Seven criticisms people have raised against Revelation

  1. Rudolf Bultmann considered the book a product of “a weakly Christianized Judaism.” Bauckham responds that Bultmann’s critique is more indicative of his anti-semitism and his rejection of all apocalyptic literature than any shortcoming of Revelation. (Beasley-Murray, DLNTD)
  2. Immanuel Kant criticized Revelation 10.6, which he interpreted to mean that time would cease to exist. (Murphy, 685)
  3. D. H. Lawrence said that the book vents the anger and envy of the weak against the strong, and against civilization and nature (Beasley-Murray, DLNTD)
  4. Martin Luther wrote, “My spirit cannot accomodate itself to this book. There is one sufficient reason for the small esteem in which I hold it — that Christ is neither taught nor recognized.” (Carson, Moo and Morris, 481). According to Thielman (681), Luther also wondered how we are to obey the book when nobody can even figure out what it is.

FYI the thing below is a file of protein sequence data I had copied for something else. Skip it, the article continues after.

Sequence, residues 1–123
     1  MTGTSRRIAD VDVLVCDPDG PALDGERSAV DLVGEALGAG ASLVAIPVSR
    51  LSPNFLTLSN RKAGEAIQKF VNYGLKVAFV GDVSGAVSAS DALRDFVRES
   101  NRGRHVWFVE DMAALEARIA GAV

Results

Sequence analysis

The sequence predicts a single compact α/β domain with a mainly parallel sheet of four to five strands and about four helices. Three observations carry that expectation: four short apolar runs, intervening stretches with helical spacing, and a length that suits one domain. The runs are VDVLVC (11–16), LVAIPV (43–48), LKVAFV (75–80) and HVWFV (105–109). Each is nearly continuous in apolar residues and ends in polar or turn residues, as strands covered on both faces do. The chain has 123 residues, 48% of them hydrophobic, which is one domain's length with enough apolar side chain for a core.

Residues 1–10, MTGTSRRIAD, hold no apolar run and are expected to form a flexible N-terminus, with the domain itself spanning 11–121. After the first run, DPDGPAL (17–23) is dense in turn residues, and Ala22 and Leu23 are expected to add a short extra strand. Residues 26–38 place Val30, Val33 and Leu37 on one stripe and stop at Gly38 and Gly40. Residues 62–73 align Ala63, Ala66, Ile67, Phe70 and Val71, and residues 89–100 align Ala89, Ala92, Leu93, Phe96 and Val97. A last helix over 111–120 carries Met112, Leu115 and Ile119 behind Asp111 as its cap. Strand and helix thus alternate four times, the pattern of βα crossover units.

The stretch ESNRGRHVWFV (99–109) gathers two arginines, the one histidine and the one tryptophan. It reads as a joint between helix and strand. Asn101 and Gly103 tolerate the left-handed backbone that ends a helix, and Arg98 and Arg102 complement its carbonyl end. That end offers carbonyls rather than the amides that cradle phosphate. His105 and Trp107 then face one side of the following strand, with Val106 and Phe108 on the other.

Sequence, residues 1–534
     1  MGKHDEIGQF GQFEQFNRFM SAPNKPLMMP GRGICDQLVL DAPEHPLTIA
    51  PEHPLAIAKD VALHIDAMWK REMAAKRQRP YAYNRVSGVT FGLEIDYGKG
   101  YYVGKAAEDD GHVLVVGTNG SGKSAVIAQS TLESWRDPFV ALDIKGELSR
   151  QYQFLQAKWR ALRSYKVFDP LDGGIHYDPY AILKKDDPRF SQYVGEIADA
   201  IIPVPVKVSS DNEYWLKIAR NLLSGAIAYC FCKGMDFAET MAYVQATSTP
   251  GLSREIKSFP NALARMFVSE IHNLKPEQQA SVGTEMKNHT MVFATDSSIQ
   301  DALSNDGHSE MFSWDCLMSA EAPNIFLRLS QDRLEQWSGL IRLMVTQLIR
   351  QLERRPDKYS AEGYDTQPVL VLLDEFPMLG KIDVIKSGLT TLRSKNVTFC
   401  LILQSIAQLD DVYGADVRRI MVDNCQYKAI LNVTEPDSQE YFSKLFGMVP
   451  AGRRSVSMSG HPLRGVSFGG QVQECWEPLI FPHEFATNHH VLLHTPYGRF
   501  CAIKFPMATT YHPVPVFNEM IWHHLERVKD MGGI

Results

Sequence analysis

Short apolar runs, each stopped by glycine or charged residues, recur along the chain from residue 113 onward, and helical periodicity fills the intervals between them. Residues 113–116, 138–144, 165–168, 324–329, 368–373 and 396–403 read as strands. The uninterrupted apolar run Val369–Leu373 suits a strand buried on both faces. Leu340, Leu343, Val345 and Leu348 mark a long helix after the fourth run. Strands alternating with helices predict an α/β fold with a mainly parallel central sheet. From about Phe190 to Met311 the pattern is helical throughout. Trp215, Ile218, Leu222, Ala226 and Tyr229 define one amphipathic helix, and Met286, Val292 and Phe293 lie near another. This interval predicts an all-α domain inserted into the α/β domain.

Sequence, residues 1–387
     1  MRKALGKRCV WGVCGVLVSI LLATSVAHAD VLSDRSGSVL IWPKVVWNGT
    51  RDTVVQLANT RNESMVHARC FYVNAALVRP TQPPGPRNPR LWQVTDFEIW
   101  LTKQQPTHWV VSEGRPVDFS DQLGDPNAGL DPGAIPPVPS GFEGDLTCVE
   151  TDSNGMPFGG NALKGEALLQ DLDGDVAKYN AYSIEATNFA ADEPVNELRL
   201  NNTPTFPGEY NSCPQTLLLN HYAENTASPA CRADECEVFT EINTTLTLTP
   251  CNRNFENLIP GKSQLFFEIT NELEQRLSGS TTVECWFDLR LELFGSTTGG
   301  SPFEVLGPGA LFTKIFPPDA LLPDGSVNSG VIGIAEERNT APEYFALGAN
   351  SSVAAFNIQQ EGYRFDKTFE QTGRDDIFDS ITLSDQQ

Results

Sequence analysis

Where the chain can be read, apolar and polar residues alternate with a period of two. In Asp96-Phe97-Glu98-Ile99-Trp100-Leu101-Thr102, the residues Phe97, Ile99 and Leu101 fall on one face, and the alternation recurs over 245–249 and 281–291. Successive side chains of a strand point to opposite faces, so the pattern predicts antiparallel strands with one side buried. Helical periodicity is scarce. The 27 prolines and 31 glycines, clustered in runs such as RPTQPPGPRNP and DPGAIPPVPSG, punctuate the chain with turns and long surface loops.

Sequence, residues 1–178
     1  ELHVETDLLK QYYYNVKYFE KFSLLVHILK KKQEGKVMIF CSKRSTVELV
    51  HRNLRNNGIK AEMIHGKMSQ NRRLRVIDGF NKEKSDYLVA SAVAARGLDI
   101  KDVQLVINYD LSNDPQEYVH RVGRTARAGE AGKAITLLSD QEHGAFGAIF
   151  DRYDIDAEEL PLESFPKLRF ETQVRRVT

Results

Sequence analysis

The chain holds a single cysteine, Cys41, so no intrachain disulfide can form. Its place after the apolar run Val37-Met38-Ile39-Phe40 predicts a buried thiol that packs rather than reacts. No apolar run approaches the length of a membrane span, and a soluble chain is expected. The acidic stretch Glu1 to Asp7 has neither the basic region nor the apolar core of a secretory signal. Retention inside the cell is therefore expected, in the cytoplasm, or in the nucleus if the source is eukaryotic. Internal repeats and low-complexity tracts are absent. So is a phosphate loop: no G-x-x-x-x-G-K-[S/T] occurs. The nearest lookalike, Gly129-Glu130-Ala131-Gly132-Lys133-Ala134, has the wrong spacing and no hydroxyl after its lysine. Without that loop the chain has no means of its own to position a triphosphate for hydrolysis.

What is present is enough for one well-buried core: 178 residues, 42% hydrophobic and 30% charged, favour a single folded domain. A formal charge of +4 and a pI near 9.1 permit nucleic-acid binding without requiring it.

5. Friedrich Nietzsche said that Revelation is “…the most rabid outburst of vindictiveness in all recorded history”, “…the repressed hatred of pious weaklings against the powerful.” (Hays, 169)
  6. Jack T. Sanders claimed that Revelation is an eschatological “retreat from ethical responsibility.” (Hays 169)
  7. Krister Stendahl called the book’s scenario a “script for a horror movie.” (Hays, 169)

Sources: G. R. Beasley-Murray, “Revelation, book of”, in Dictionary of Later New Testament Developments. (Downer’s Grove, IL: InterVarsity Press, 1997) Carson, Moo and Morris, An Introduction to the New Testament. (Grand Rapids: Zondervan, 1992); Richard B. Hays, The Moral Vision of the New Testament. (NY: Harper One, 1996); ”Revelation, Book of”, by Francesca Aran Murphy, in Dictionary for Theological Interpretation of the Bible. (Grand Rapids: Baker Academic, 2005), 680-687; Frank Thielman, Teología del Nuevo Testamento. (Miami: Editorial Vida, 2007);

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